Education

Bugs again bedevil online testing in Florida schools

A Senate panel tweaked its testing bill Wednesday so that the results of this year’s Florida Standards Assessments would not be used to determine whether third-grade students can be promoted to the fourth grade, or high-school students can graduate until an independent review of the exam is conducted.
A Senate panel tweaked its testing bill Wednesday so that the results of this year’s Florida Standards Assessments would not be used to determine whether third-grade students can be promoted to the fourth grade, or high-school students can graduate until an independent review of the exam is conducted. Miami

Once again, testing ground to a halt Monday in schools across the state after technical glitches blocked students from taking standardized exams that are critical to their educational future.

Once again, Florida education officials blamed the problems on last-minute changes to testing systems by contractor, American Institutes for Research.

Just a week after Gov. Rick Scott signed a bill intended to address mounting testing concerns, Monday’s cyber problems reignited the political fight over whether the changes go far enough and whether results from the new tests, the Florida Standards Assessments, should be used to make decisions about student retention, teachers’ jobs and school letter grades.

One grassroots parent group, Fund Education Now, called on Scott to "immediately use his power to halt all consequences associated with this year’s FSA."

"It’s grossly unfair that the adults running the test are allowed repeated failures, yet the Florida Legislature could not find the decency to hold our children 100% harmless during this transition," founder Kathleen Oropeza said in a statement Monday.

Testing on Monday was canceled in some of the state’s largest counties, including Miami-Dade, Broward and Palm Beach. Some counties reportedly resumed in the afternoon after the problems, which prevented students from logging on, were fixed.

A company spokesman said in an email that AIR installed new servers for grading tests over the weekend, causing the Monday meltdown. Additionally, the company didn’t follow its own protocol to implement and test the installation.

In a statement, AIR took “full responsibility” for the glitches and apologized.

“The problem stemmed from human error, and AIR is reviewing its procedures in order to prevent future events of this kind,” the statement read.

Education Commissioner Pam Stewart said in a statement that AIR’s work over the weekend was unapproved and unnecessary.

“The company’s failure to follow protocol is absolutely unacceptable and the Department will hold AIR accountable for the disruption they have caused to our state’s students, teachers and school staff,” she said.

Miami-Dade’s Chief Academic Officer, Marie Izquierdo, shot back: “Who holds the state accountable? And more importantly, who’s thinking about the children?”

Computer problems in March also derailed testing. Those issues were caused first by a system update AIR ran on the eve of rolling out the new tests, and then by a cyber attack, according to the state.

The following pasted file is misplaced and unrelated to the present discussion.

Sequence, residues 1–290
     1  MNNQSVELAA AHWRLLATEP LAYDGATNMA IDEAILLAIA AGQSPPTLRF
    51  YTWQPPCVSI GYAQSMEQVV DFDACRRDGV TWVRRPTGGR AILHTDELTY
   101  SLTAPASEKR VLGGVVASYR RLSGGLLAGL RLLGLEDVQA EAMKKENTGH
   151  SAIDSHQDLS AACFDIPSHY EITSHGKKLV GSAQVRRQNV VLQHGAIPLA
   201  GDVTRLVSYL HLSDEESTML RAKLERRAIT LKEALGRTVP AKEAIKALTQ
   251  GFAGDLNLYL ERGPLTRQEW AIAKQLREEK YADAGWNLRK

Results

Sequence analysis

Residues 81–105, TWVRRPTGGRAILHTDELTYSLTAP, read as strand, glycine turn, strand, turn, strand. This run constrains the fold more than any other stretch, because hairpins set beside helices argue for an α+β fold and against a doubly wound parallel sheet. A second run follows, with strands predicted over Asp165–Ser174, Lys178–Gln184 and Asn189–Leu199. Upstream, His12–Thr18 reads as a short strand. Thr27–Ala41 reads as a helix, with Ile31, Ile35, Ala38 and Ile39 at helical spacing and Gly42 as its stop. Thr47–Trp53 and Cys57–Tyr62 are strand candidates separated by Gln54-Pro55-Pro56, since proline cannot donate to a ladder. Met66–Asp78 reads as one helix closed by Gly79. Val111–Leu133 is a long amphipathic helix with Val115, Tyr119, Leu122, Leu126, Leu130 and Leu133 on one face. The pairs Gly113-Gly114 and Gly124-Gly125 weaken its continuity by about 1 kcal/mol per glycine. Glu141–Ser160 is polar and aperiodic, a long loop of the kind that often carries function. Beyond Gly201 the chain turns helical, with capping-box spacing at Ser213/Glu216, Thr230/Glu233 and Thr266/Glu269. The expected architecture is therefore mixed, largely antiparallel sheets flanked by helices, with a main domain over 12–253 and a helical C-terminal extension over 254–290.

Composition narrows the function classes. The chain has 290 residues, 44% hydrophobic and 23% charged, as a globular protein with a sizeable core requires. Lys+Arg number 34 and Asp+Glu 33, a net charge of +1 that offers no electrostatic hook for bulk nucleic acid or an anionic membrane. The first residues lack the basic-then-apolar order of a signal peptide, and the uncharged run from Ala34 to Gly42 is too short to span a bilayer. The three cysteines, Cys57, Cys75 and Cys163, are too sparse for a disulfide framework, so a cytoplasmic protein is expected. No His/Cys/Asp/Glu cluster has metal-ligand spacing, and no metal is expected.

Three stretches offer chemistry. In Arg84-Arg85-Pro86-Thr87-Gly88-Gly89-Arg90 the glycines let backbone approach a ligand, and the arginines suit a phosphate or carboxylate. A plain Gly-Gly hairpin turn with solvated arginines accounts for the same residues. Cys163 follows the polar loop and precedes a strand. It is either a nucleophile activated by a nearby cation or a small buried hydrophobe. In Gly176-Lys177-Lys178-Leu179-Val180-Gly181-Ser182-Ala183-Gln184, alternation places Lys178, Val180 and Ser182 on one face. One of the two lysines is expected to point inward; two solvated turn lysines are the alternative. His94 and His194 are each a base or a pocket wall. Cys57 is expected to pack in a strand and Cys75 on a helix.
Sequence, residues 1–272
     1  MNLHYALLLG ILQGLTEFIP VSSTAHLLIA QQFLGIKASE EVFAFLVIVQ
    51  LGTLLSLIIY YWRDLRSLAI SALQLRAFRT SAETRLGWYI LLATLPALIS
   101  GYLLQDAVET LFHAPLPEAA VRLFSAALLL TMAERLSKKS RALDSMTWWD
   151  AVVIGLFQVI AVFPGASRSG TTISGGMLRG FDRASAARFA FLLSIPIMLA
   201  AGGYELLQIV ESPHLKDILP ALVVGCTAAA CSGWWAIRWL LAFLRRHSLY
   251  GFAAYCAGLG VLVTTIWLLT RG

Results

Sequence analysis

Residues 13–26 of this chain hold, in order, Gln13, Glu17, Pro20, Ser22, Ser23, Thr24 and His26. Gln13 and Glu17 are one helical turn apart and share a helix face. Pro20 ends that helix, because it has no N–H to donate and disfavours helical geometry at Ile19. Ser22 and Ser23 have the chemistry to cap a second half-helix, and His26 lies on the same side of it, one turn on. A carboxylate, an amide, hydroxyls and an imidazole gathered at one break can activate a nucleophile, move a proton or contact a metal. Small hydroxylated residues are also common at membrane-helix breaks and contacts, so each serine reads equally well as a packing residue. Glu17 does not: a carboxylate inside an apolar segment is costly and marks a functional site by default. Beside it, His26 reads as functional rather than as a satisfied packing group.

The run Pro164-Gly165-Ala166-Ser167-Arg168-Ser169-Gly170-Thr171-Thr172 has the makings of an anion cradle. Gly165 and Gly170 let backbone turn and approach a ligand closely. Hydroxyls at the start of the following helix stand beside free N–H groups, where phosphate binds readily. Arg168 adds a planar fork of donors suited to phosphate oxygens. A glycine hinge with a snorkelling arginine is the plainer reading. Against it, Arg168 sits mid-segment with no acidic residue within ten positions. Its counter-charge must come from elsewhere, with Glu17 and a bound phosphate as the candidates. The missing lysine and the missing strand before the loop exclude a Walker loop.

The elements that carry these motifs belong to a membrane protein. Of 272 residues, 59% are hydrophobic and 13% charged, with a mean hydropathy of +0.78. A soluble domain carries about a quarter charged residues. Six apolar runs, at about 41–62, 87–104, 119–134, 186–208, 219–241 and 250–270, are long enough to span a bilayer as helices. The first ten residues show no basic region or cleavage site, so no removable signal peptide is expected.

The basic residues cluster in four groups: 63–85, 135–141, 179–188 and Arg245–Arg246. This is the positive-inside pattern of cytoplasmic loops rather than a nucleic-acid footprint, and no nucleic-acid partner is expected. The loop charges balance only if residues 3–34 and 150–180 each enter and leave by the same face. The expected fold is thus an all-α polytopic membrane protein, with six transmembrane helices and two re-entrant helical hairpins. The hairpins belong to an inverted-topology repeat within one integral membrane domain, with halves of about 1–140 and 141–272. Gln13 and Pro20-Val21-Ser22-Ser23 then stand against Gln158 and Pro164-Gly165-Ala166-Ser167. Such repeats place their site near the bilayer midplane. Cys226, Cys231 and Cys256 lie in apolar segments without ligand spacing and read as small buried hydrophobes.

Grades 5 through 10 sat down to take the computer-based tests Monday morning.

Critics instantly buzzed over the latest testing flop. Florida parents, teachers unions and even students have said the state is placing too much importance on a test that was developed too fast.

“I’m so frustrated as a parent,” Miami-Dade PTA president Joe Gebara wrote in Twitter message to the Miami Herald. “The state doesn’t seem to be listening. I have teachers telling me their kids sat for two hours doing nothing in front of a computer.”

Scott signed legislation last week that calls for an outside review of whether the new tests are valid. Until then, the FSAs won’t be used in high stakes decisions, like retaining third grade students. The bill also eliminated some tests and limited the total number of hours students can spend on state-mandated exams.

Still, parents and teachers have complained the measure doesn't go far enough. Both groups had implored the Legislature to use this year's test results for diagnostic purposes only. They now want the governor to issue an executive order suspending all high-stakes consequences for the 2014-15 school year – something Scott seems unlikely to do. He has said the legislative process was the right way to address parent and teacher concerns.

“What reasonable adult can defend the FSA as a valid measure of student growth or teacher effectiveness?” said Colleen Wood, founder of the group 50th No More. “It is only proof of the disaster caused when politics drives education policy.”

Miami-Dade schools Superintendent Alberto Carvalho alluded to the complaints in a Tweet Monday, saying the server failure "adds doubt to validity of test results."

Senate Education Committee Chairman John Legg, R-Trinity, said he did not believe the Florida Standards Assessments would be deemed invalid.

"You have to take a look at the totality of the issue," he said.

He continued to disagree with the parents calling for the suspension of the education accountability system.

"I fundamentally think we need to move forward," Legg said. "I have five kids and some of them are at schools. I know what they would do going into a test if they knew it didn't count."

Miami-Dade will continue testing again on Tuesday.

Follow @Cveiga on Twitter.

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